Today, the Sierra Leone Government has closed all land border entry points with neighboring countries. In addition, former Ebola response personnel, including response management team, physicians, contact tracers and burial teams have been activated and refresher training is currently underway according to reports.

While these measures have not gone without some challenges, government’s response to these challenges have been nothing but a notable commitment to improve the overall prevention and response framework. From dealing with the challenges of improving surveillance, care and living conditions of incoming travelers currently in quarantine, to promptly responding to and addressing misinformation in the media, officials have been on their toes working hard to stay ahead. All these alertness, awareness and preventive measures have been put in place in a country with no reported case of Coronavirus. Defying all odds and pessimism about the preparedness of African countries to manage a Coronavirus outbreak, Sierra Leone has wasted no time in tapping into the lessons learned from the Ebola crises.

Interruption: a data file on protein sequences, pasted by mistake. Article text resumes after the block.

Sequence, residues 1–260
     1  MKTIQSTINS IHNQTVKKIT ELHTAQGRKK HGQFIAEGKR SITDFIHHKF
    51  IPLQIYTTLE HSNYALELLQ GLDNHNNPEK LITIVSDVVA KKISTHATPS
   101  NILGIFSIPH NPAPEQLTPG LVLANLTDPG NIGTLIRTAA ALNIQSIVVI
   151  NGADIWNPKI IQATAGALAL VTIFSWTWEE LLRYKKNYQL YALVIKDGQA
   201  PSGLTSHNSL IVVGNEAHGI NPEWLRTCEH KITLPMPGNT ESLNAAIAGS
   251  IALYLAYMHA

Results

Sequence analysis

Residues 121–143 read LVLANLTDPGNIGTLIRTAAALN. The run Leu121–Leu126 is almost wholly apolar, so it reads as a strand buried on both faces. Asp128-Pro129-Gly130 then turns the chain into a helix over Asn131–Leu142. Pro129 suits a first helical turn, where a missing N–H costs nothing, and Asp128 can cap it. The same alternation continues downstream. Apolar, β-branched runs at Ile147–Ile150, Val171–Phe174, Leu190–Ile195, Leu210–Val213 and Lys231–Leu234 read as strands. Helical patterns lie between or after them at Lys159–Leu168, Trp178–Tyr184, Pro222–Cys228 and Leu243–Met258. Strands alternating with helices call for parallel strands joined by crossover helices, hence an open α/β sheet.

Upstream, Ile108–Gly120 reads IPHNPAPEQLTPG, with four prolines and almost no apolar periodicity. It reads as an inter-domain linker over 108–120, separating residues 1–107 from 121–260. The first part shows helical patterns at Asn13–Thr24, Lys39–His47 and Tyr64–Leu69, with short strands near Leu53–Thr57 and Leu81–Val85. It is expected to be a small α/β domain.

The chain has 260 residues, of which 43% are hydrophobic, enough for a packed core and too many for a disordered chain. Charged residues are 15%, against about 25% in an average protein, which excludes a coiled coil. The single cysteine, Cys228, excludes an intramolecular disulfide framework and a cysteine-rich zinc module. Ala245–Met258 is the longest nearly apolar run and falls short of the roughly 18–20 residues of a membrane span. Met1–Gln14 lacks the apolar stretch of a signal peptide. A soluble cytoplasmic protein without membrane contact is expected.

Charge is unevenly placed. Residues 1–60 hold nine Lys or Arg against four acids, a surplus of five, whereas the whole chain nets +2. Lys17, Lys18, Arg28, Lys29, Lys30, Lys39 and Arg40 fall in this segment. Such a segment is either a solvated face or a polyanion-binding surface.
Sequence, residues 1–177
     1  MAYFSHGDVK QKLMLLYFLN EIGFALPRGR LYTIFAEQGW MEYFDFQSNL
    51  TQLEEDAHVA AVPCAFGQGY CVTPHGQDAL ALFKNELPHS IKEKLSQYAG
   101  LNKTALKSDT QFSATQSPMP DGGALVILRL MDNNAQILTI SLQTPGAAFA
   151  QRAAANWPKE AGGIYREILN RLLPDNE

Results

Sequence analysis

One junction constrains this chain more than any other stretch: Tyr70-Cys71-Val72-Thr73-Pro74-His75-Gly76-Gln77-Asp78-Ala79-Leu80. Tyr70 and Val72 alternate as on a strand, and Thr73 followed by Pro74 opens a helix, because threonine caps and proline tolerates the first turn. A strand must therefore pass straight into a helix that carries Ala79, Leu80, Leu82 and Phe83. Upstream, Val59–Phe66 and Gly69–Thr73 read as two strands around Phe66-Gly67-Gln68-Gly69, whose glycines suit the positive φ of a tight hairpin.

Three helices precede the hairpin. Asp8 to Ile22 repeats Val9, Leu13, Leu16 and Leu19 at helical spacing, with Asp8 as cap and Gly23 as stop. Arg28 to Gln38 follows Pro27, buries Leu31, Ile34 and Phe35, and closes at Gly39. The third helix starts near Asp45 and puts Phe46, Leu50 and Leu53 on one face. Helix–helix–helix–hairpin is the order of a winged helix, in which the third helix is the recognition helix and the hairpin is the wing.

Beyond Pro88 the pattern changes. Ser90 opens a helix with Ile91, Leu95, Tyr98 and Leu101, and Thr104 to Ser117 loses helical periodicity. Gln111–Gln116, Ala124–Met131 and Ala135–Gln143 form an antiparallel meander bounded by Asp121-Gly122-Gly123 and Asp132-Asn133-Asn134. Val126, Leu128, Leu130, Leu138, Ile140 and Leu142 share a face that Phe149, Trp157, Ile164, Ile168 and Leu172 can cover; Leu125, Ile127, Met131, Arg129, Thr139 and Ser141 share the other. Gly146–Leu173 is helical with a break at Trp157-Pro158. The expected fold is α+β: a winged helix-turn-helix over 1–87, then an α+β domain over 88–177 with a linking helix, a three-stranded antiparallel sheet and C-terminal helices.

Key notable lessons include the need to quickly build public trust from the unset, impose relevant restrictions within the legal framework, establish capable and appropriately located isolation and treatment centers, deploy adequately trained and equipped response team, and design and implement effective internal controls in the response management process. The next volume in this series will examine each of these lessons; the risks inherent in them; and how other countries— including the United States of America which has not experience such an outbreak in recent times — can learn from the lessons and leverage underlying best practices.